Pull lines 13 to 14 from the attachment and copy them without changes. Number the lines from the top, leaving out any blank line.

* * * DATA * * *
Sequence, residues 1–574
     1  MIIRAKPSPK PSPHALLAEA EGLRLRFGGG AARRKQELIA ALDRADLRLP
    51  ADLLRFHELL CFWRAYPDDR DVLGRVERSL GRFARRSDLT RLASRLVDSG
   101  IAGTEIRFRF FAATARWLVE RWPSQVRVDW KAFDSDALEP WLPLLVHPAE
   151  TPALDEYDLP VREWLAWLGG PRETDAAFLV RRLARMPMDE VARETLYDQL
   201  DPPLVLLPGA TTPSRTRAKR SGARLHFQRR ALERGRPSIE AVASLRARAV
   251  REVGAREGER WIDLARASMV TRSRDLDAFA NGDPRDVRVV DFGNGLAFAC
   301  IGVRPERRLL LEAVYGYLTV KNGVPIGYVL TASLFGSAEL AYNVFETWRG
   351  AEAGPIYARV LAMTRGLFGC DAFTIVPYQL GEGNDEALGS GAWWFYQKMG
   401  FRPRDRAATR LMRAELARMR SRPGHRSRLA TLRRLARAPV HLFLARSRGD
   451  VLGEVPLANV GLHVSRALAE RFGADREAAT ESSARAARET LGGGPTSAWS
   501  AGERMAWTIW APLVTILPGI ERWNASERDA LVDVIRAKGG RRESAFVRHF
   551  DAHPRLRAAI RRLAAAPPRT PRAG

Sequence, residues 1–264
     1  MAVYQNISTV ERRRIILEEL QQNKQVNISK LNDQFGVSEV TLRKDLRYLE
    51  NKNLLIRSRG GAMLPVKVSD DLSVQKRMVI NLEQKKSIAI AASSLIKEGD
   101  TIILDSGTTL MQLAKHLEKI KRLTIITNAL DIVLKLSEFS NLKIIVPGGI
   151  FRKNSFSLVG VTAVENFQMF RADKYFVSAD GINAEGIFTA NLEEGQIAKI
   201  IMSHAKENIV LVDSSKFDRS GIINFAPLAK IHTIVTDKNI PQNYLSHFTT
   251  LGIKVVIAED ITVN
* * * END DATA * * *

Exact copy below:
   551  DAHPRLRAAI RRLAAAPPRT PRAG

Sequence, residues 1–264